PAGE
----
Follow the winding driveway all the way to the end and you’ll reach Sizergh Castle. Well, you’ll reach the National Trust gift shop first, and then the castle, but you know what I mean! Despite being owned by the National Trust, Sizergh is still the home of the Strickland family, and they still pop back on occasion I’m told. It hasn’t always been in the hands of the Stricklands though. Sizergh Castle began life with the Deincourt family and remained that way until 1239 when Sir William de Strickland married Elizabeth Deincourt. And that, they say, was that.
Take a trip down the western side of Windermere and down a few narrow roads, and you’ll reach Wray Castle. Built in the 1840s, this new-gothic creation was the brainchild of James and Margaret Dawson, a Liverpudlian couple, who moved to the Lake District because, well, why wouldn’t you? Unlike other castles I have visited throughout the course of writing for this blog, Wray is a bit of a fib. It emits an air of old-world majesty and you could be tricked into thinking it was once lived in by Dukes and Earls of times gone by. The tarmac surrounding the building kind of dampens the charm, but it is still quite an imposing construction.
The vast majority of my Cumbria-based posts to Holme & Away are focused on locations in the Eden Valley, and the eastern side of the Lake District National Park. This time, I am venturing out and heading over to the West Coast of Cumbria, to the Ravenglass & Eskdale Railway. It is practically on the opposite side of the county to myself and sits roughly 18 miles south of Whitehaven.
A few weeks ago, I made a visit to another local attraction and historical gem, Lowther Castle. I have already visited the parkland surrounding the Castle when I went to Lowther Show, and I thought it high time that I visited the shell of the building that remains. In 2017, they opened a new exhibition taking the visitor on a journey from its Medieval beginnings to present day. Let me tell you, it is hugely interesting, and so I shall tell you its story… very briefly. The whole thing would take days!
I’m kicking off 2018 with a visit to some slightly bizarre locations. Long Meg and her Daughters, and Castlerigg are two fairly well-known stone circles in Cumbria, and can be found near Little Salkeld and Keswick respectively.
We’ve now reached the end (nearly) of 2017, and I have one last ‘real’ post to go before my festive hiatus. A few weekends ago, my friend, Amy, and I visited Lanercost Priory, near Brampton. The site has been a place of worship since the 12th Century, and it is now presented as a mix of ruin and functioning church. Like most places in the vicinity of the Scottish border, such as Carlisle Castle, it has a rocky history of raids and hardship; and, like Brougham Castle, there have also been a handful of royal visits.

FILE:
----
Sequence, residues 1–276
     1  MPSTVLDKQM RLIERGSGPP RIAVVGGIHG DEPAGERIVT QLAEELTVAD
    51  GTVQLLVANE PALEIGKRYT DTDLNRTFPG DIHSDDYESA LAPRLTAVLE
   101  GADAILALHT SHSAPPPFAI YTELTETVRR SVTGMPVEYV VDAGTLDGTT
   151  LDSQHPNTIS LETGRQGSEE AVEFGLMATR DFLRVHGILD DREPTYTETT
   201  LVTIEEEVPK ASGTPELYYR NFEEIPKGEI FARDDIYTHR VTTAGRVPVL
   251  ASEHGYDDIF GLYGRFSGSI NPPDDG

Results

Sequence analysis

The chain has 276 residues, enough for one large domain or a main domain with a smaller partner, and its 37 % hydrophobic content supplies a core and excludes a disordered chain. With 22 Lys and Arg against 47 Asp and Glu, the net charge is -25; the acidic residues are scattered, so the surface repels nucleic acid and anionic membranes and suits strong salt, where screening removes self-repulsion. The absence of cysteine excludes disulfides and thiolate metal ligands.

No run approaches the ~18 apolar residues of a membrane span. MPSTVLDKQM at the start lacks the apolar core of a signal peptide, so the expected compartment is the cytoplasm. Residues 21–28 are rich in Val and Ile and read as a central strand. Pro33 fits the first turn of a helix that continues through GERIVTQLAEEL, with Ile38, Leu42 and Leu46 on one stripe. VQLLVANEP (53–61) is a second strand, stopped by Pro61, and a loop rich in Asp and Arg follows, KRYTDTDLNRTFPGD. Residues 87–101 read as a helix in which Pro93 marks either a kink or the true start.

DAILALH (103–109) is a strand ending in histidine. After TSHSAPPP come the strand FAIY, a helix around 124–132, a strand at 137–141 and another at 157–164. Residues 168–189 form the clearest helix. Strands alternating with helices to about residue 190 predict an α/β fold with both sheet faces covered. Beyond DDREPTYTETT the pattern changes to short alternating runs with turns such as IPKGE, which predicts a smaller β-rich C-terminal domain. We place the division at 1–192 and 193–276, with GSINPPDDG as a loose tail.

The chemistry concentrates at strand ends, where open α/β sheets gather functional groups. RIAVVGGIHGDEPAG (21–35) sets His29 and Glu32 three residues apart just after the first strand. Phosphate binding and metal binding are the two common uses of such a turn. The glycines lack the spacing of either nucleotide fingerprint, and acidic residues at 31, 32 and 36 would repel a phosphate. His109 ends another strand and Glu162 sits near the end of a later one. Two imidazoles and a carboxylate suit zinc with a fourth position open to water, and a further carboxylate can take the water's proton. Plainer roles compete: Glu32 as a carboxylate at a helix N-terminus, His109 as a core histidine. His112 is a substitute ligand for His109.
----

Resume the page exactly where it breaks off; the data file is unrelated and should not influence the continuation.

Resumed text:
Head out to the outskirts of Penrith and you’ll find Brougham Castle, a medieval castle based on the site of the Roman fort of Brocavum. Very shortly after the land was acquired by Robert de Vieuxpoint in 1214, the castle was built to defend England from the Scots, and also at times from other members of the English nobility. The River Eamont which runs beside the castle used to mark the border between England and Scotland, before the boundary was moved further north by William Rufus in 1092.
Dad and I have been out and about again on one of our walks. Starting at the northern tip of Ullswater in Pooley Bridge, we walked 16km (10 miles) down the eastern edge of the lake to Patterdale, following the Ullswater Way.
I cannot remember the last time I visited Carlisle Castle; it was most likely a primary school trip, and I probably wasn’t paying attention, so it was about time I stopped by again and found out more.
The second installment in my series of Lake District walks takes place in the Borrowdale Valley, an area ever so slightly touched upon in my previous post. This walk was a little bit shorter, finishing up as a nice round 10 kilometres, but it was a touch more tricky underfoot to begin with. As with the last route, I shall add the map of this walk to the end of this post.